By Vyasar Ganesan
When I mention the Chinese, Sorabh looks uncomfortable. His mother, Sushma, tells me that it’s only recently that so many have been coming here. This is news to me, because Flushing is a place so impossibly full of Asians of all kinds: in ten minutes, you can walk from New Asian Foods, Inc., an Indian bakery and eatery in a neighborhood full of Indian temples, to the heart of downtown, and see nothing but Chinese advertisements, Chinese bakeries, Chinese policemen, while a flow of Chinese pedestrians slogs over the sidewalk in an inexorable wave.
“Only two years past, they have been coming,” she says. “Now they are everywhere.”
Sorabh looks at me, hoping I won’t engage her. But I feel compelled to point out that the same can be said for Indians. They too are everywhere in Flushing, Queens, New York, America. Sushma shrugs. “Yes, yes, but the Chinese have been here only recently.”
New Asian Foods, Inc. is next to a laundromat and a Chinese restaurant on Cherry Avenue in Queens. On the left side of the store there is a long, narrow mirror, and on the right and front, windows to the street. The kitchen stretches long, towards the back of the establishment, creating the feeling of being inside a shoebox. There are no chairs for customers. The only displayed prices on food items are a laminated sheet, detailing how much for x-number of rotis, and oil-smudged scraps of paper around the trays of sweets.
The fried snacks and the mixed vegetables are all unlabeled, but I find that they are all cheap, not to mention delicious and filling. Crunching down on three buttery samosa ($2.00), I know it is better to eat than to argue. Hundreds of thousands of Indians have been coming to this country every year for more than a decade, with a significant majority entering through New York, Long Island, New Jersey, and other ports on the eastern seaboard, whereas the Chinese are old hands at the immigration game. Flushing’s Chinatown has been around since the 70s, but that’s not important right now.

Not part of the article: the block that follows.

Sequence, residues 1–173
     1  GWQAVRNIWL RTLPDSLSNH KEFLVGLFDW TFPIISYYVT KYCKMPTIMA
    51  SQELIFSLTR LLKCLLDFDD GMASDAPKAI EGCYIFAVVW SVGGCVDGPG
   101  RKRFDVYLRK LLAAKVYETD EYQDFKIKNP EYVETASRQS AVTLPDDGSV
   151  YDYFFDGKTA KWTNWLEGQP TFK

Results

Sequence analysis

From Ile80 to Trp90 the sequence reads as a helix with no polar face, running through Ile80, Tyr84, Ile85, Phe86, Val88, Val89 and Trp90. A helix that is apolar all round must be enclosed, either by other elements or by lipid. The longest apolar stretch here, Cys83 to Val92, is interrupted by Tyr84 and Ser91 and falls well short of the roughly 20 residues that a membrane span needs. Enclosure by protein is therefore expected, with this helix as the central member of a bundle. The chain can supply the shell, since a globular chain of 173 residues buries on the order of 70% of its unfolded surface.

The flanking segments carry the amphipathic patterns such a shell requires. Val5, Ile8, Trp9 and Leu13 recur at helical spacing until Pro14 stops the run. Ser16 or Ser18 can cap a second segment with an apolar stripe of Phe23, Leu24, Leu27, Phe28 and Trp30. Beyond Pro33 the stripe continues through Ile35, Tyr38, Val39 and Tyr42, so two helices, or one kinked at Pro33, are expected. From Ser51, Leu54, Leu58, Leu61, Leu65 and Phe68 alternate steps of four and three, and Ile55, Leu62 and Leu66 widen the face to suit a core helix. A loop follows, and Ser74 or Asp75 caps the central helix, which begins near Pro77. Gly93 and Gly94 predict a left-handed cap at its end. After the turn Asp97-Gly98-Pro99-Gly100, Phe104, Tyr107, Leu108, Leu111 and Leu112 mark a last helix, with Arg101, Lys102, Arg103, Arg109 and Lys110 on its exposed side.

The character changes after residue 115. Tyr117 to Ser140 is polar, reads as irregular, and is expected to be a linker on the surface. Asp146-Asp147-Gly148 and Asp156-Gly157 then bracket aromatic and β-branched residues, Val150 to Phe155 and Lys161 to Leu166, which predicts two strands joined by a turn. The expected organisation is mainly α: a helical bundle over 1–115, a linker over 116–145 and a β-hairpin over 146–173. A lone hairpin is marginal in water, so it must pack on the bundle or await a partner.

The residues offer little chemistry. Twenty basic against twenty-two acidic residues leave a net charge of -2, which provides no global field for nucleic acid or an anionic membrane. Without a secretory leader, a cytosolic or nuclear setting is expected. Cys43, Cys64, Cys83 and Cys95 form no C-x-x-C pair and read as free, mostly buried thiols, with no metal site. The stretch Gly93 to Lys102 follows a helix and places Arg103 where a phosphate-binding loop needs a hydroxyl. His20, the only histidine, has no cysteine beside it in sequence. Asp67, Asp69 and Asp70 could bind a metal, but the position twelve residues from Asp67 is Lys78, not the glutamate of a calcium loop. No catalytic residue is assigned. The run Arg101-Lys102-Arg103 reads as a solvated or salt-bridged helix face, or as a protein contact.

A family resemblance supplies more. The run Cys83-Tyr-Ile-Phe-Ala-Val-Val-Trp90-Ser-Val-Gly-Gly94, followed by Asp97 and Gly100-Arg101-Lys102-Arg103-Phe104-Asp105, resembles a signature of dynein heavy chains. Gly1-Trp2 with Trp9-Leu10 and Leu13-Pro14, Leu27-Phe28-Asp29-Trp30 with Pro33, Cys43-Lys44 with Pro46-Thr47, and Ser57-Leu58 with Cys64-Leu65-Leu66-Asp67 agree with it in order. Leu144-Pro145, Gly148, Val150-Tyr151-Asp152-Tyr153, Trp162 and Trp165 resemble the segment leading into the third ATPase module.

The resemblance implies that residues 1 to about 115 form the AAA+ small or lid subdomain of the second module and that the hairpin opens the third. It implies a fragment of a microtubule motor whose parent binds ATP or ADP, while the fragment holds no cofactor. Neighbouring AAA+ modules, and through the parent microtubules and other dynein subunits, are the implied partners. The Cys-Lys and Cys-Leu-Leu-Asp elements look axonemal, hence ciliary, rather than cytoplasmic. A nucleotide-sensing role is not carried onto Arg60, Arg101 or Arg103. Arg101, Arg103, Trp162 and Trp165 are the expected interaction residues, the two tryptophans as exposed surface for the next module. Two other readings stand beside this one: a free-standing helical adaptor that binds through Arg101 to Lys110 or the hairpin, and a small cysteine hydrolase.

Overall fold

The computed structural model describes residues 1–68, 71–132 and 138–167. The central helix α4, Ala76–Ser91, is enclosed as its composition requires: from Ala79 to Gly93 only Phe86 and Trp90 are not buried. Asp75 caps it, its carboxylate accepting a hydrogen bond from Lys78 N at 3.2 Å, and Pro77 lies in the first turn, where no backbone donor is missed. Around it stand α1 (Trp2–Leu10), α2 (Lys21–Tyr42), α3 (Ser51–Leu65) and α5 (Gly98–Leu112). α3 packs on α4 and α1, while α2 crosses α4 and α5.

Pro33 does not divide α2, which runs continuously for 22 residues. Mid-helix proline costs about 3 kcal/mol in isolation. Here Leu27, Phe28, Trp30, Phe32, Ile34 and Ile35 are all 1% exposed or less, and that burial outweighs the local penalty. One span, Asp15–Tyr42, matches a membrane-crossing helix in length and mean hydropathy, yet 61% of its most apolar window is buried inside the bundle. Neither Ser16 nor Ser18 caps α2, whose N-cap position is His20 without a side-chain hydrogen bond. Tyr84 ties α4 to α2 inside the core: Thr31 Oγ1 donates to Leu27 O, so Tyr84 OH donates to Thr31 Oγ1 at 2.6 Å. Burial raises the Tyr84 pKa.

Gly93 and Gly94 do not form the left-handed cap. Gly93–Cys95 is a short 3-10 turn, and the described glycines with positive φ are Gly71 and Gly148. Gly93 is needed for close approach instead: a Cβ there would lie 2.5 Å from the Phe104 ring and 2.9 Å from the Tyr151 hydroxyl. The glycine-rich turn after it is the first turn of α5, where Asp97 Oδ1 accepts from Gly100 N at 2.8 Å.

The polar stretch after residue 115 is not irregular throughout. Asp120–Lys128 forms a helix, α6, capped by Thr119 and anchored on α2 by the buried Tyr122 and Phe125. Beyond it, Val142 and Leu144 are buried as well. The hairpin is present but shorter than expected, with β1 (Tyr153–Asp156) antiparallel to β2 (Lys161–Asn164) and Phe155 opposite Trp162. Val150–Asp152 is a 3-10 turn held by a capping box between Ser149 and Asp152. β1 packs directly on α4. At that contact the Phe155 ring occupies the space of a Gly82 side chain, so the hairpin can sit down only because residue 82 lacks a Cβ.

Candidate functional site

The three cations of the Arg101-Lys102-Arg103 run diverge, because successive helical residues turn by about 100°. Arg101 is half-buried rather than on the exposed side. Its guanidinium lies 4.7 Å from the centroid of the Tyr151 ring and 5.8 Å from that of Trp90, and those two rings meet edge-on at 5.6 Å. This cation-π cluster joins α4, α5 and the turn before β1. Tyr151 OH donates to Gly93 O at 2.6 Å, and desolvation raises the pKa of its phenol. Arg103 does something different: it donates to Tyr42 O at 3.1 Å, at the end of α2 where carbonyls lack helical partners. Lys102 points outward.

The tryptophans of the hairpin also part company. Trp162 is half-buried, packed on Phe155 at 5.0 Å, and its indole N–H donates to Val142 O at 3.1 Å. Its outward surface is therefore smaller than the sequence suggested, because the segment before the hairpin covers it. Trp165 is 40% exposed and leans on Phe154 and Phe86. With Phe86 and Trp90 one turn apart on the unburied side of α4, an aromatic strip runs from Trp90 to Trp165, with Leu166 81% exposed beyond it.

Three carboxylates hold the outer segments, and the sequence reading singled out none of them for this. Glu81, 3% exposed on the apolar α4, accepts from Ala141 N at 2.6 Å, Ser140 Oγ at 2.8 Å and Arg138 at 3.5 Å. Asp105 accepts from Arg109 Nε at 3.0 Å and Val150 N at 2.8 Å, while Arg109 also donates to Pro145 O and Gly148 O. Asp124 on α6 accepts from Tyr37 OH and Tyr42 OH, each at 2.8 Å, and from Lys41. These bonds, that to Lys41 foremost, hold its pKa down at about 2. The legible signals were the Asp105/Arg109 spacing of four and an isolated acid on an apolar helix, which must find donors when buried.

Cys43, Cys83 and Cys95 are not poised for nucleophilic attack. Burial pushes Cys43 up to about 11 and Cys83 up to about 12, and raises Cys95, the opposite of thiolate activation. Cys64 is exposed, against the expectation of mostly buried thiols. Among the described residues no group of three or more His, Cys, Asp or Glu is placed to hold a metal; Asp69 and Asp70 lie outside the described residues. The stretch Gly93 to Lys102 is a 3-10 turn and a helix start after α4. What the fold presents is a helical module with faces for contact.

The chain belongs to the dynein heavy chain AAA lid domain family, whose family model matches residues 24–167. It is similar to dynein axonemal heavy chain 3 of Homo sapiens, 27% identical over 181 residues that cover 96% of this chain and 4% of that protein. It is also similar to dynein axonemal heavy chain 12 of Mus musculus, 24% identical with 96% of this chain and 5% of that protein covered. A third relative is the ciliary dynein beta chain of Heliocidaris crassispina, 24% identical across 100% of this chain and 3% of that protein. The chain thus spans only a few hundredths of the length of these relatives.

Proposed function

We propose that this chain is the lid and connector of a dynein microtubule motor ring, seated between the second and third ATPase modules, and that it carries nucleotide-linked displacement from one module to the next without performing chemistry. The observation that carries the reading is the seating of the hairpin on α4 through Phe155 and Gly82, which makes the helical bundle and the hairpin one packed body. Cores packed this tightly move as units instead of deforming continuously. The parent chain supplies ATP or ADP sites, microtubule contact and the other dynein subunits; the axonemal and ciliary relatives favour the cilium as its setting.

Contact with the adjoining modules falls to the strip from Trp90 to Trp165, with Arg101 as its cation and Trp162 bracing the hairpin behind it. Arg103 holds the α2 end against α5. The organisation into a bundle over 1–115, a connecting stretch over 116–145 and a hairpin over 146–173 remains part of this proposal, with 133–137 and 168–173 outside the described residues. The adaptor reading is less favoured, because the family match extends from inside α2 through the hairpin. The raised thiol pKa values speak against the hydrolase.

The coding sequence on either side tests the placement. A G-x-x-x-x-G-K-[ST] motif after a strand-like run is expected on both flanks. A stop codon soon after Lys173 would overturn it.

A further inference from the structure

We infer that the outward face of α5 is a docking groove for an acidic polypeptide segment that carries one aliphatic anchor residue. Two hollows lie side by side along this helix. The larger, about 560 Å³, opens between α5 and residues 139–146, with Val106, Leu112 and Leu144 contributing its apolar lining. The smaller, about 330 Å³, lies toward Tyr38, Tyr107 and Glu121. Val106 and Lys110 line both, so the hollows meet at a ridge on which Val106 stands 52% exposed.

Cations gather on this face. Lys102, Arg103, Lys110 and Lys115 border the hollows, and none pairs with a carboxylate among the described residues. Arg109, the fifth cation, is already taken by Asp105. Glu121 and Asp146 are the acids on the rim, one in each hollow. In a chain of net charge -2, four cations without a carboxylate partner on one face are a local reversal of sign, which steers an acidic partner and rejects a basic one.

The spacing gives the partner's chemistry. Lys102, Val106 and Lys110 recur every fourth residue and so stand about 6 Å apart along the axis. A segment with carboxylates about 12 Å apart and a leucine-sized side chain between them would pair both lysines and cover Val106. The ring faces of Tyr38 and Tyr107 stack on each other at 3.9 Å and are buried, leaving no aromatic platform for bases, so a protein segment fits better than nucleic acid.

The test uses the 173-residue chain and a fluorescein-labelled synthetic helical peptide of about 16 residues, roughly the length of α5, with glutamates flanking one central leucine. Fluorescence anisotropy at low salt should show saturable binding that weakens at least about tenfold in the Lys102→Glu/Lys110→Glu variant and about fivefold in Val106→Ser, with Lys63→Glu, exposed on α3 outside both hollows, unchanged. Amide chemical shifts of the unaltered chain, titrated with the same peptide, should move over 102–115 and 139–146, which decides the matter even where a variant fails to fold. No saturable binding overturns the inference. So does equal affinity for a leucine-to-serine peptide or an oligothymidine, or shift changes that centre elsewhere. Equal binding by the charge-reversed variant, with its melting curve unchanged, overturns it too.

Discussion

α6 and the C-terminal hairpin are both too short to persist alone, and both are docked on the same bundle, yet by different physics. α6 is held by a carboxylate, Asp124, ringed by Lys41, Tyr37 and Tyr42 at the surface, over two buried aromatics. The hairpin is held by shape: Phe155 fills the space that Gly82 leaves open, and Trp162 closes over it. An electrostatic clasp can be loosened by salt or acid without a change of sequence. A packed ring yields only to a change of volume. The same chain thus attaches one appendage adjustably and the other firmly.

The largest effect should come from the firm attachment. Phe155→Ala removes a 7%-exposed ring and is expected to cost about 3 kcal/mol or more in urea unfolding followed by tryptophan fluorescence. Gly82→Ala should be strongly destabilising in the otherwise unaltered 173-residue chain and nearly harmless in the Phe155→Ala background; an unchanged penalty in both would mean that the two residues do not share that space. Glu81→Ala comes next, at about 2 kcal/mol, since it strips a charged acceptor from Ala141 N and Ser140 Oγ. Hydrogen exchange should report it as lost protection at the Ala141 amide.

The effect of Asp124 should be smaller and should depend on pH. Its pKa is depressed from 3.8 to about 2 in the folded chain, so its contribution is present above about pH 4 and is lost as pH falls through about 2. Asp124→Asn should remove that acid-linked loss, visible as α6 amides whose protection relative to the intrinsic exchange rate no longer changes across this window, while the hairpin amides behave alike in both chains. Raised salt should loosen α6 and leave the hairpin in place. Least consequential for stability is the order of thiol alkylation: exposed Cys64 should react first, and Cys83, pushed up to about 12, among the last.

In the back, I can see a team of six or seven women pound out the 3,000 or so circles of bread that will be transformed by the heavy iron griddle into Punjabi-style rotis, shipped to college students in North Carolina, buffet halls in California, temples in Virginia, diners on airplanes headed across the world. Rotis have enough in common with flour tortillas to be popular in America, and they are the most consumed, prepared, and marketed leavened flatbreads in all of India’s culinary history. They are such simple things, a dash of water in a cup of flour, puffed by an open flame and covered in clarified butter, but a roti has worth that goes beyond its dross components.
Besides rotis, New Asian Foods, Inc. has the standard Indian snacks and sweets of any classic shop. The samosas are the most popular item – heavy, buttery crusts filled with potatoes, peas, and spices – for customers to munch on while they place their roti orders. There is also a pile of jalebis in the back. Sushma pulls one of the pretzel-shaped strands off and offers it to me while we chat. The crunchy dough, more sugar than flour, is so soaked in warm orange syrup it falls apart after one bite. There are whole sacks of bhujia, spicy fried bits and pieces that are pushed out of a machine resembling a noodle maker. New Asian Foods, Inc. makes all kinds of laddu, balls of semolina or chickpea flower sweetened with anything from coconut milk to cane sugar, dotted with green, red, and yellow.
This is the kind of place a mother could go to for help serving an evening with tea, a hostess throwing a dessert party, a college student looking for a cheap snack. In India these snack food shops are all over, in big cities and small villages. They are cheap, not very clean places, but that’s not why people flock to them. Snack shops serve social functions, places where the community can meet, loiter, play, and eat together. This one in Queens isn’t exactly an inviting center for Indians to mingle and hang out in (no chairs), but they make everything in-house, and they make it right.
Sushma Thukral started selling rotis from a shopping cart in 1993, one year after she came to America. She walked the streets of Queens with her two daughters, and American-born baby Sorabh in tow, for four years, before opening her business on Cherry.